On September 2, 1999, at 1715 central daylight time, a Weatherly 620B agricultural airplane, N4660M, was substantially damaged during a forced landing following a loss of engine power near Big Spring, Texas. The airplane was registered to and operated by Bruton Aerial Spraying, Inc., of Garden City, Texas. The commercial pilot, sole occupant of the airplane, was not injured. Visual meteorological conditions prevailed for the 14 Code of Federal Regulations Part 137 aerial application flight. The local flight originated from the Big Spring McMahon-Wrinkle Airport, Big Spring, Texas, at 1625. Use your browsers 'back' function to return to synopsisReturn to Query Page
According to the 16,361-hour pilot, he was applying malathion to a field when he noticed that the fuel warning light for the right fuel tank was illuminated. He switched the fuel selector from the right tank to the left tank, and "shortly thereafter [the] engine began cutting out and missing." He turned the auxiliary fuel pump on, but subsequently, the engine "coughed and quit." He executed a forced landing to a field where the airplane collided with a five-foot-high dirt terrace and came to a stop upright. The operator reported that the pilot stated that the aircraft "ran out of fuel."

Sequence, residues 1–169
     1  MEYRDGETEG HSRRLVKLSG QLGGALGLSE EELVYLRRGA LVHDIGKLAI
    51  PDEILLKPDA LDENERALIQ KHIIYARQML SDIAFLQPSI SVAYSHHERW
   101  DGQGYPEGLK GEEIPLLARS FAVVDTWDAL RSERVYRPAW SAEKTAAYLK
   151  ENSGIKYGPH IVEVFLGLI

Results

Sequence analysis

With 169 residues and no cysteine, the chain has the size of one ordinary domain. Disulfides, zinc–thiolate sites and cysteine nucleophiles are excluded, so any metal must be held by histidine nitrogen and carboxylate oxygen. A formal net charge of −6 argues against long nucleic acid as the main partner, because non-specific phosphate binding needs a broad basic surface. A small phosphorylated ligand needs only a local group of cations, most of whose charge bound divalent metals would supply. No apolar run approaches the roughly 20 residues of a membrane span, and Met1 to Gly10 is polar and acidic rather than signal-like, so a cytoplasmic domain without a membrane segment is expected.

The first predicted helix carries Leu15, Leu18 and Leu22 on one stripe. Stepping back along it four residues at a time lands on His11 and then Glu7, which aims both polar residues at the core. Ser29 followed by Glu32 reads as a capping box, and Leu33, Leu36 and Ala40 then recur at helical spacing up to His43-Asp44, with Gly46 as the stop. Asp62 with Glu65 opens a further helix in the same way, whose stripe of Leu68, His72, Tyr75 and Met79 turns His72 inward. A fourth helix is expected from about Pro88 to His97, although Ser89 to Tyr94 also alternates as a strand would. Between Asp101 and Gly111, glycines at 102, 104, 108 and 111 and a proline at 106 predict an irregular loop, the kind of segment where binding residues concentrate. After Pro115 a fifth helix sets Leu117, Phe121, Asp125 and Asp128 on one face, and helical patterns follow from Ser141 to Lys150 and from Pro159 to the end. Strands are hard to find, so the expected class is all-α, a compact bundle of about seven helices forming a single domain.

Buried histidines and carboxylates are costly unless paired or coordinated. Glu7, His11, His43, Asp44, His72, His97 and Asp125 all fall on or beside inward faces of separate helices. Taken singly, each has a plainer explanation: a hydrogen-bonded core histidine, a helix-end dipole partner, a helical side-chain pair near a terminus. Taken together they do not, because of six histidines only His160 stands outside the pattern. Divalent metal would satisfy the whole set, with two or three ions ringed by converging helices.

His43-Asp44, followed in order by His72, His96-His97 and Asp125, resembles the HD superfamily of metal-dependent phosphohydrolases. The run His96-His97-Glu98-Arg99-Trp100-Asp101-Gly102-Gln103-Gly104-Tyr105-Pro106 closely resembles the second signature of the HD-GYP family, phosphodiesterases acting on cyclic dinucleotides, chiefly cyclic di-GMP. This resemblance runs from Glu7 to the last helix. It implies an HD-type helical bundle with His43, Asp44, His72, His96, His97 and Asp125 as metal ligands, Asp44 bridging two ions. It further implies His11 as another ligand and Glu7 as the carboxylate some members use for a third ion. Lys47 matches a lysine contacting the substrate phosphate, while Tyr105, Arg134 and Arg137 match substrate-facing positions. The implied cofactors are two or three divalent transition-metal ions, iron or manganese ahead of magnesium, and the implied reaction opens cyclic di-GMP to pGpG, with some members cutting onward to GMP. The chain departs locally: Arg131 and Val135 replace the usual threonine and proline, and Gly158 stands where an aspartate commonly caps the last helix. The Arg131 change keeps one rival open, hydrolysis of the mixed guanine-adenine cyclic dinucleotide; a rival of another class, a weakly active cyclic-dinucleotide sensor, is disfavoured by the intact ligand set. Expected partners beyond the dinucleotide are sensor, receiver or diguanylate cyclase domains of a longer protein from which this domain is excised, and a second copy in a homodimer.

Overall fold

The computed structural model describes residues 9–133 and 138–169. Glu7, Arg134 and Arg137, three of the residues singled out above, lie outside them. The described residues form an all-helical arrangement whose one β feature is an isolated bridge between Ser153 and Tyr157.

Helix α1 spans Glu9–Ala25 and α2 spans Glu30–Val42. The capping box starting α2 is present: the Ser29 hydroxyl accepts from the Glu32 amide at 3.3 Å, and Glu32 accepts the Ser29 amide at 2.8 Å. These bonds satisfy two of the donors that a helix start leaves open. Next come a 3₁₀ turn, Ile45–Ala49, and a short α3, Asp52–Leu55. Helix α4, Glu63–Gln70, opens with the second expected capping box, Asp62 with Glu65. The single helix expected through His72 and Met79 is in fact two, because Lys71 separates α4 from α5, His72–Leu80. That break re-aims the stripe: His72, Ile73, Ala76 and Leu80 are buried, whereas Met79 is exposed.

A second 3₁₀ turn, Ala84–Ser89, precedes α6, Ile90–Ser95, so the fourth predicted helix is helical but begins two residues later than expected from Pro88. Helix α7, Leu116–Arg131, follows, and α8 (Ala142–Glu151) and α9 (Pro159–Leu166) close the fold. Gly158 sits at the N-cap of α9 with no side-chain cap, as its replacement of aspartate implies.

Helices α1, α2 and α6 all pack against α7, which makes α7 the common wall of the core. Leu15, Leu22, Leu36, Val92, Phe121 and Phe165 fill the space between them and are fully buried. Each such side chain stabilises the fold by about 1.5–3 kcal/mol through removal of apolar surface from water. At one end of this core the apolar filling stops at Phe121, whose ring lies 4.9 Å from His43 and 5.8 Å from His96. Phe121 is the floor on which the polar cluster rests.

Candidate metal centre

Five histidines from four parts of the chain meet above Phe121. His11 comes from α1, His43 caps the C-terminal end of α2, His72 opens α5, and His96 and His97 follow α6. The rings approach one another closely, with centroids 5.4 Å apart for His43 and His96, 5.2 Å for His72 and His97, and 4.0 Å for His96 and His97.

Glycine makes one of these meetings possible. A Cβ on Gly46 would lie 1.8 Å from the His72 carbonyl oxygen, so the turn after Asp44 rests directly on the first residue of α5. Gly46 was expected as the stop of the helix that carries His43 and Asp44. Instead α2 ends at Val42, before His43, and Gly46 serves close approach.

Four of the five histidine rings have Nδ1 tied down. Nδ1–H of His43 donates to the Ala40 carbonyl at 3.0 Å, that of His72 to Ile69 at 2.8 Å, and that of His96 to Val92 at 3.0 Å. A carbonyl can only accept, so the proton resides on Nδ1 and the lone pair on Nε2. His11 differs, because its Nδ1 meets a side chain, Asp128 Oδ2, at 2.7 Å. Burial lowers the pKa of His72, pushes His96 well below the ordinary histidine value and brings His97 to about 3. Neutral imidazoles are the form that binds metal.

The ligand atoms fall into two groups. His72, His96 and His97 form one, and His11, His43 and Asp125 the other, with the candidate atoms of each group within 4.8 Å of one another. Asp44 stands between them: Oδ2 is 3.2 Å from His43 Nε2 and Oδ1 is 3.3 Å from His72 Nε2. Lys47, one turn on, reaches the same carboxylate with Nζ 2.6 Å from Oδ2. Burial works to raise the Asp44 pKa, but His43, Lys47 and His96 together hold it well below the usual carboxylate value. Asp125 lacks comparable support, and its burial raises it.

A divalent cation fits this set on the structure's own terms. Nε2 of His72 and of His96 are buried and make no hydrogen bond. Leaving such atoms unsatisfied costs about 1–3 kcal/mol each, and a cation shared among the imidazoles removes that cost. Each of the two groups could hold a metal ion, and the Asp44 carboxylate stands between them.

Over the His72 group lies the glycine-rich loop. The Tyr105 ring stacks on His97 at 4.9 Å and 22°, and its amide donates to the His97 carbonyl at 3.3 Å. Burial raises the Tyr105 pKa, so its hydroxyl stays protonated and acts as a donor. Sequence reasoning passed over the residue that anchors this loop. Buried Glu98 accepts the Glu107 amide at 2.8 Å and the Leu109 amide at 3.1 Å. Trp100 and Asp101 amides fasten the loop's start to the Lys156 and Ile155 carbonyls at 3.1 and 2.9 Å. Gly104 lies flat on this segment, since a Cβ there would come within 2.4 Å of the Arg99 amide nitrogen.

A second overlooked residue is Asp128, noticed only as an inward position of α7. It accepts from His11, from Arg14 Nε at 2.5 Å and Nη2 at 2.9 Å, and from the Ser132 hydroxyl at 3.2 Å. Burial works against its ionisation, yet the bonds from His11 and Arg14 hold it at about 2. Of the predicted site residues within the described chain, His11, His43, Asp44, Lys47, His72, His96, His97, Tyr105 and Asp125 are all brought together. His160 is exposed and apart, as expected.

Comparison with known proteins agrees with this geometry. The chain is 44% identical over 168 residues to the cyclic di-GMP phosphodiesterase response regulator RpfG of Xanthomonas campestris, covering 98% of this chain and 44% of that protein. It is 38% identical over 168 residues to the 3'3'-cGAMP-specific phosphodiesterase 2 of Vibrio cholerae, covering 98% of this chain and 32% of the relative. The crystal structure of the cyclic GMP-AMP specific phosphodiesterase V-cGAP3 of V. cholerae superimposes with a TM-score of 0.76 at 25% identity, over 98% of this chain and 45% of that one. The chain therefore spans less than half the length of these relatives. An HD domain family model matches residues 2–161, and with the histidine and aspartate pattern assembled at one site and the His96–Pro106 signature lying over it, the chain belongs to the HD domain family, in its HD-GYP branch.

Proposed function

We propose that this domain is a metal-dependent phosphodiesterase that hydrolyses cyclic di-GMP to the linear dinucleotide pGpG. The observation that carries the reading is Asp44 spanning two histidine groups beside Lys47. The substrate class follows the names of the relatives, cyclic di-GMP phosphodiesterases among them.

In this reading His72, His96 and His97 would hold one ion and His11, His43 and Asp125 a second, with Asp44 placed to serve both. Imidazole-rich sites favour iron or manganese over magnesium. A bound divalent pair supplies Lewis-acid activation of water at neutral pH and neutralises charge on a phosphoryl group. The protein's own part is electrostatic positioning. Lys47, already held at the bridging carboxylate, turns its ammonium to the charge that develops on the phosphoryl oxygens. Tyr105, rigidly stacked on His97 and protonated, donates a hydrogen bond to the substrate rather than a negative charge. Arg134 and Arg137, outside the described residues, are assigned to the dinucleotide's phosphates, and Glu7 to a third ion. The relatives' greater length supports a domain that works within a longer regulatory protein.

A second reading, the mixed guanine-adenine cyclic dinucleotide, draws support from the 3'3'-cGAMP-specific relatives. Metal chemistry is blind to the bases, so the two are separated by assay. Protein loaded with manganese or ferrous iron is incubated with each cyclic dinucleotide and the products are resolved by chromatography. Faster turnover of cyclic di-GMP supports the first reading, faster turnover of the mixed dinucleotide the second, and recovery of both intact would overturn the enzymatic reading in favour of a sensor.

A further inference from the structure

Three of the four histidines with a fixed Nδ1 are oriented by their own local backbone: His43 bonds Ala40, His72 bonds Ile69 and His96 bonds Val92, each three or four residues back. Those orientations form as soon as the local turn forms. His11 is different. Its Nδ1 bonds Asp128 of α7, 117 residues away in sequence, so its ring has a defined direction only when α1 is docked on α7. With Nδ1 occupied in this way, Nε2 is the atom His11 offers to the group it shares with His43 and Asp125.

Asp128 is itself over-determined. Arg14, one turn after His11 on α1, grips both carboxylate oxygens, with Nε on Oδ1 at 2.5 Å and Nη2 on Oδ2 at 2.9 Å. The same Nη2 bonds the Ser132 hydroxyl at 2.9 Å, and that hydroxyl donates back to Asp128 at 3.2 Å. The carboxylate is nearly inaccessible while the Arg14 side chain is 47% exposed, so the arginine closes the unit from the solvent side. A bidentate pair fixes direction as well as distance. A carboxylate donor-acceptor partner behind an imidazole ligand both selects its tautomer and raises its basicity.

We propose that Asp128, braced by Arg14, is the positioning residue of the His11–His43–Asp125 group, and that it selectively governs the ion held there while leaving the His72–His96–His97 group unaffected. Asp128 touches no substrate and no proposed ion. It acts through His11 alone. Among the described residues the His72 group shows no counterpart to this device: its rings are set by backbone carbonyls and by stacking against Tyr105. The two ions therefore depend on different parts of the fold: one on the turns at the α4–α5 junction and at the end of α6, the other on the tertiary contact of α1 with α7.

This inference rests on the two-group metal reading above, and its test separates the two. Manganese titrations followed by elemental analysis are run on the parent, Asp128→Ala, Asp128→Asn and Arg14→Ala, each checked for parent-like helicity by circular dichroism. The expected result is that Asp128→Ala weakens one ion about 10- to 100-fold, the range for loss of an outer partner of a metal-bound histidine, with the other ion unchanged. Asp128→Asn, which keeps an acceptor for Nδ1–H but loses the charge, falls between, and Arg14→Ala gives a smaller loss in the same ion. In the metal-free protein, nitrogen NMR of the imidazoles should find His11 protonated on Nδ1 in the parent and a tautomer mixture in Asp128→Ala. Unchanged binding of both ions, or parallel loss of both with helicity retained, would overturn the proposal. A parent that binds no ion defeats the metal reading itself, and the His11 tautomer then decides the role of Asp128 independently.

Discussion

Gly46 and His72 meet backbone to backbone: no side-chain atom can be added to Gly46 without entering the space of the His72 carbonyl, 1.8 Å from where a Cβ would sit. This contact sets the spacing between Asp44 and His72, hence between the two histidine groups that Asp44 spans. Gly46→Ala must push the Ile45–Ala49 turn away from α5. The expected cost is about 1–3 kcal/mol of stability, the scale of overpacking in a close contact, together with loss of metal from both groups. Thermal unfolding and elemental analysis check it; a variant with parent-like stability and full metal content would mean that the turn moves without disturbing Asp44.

An FAA inspector examined the airplane at the accident site. The inspector stated that the left main landing gear penetrated the wing structure, and the left wing spar was damaged. The engine mount was "sheared off." There was a "trace of fuel" in the right wing fuel tank, and the left wing fuel tank was "complete[ly] dry." He added that there was no fuel present in the main fuel line, and there was no fuel present in the carburetor. He stated that the integrity of the fuel system was not compromised.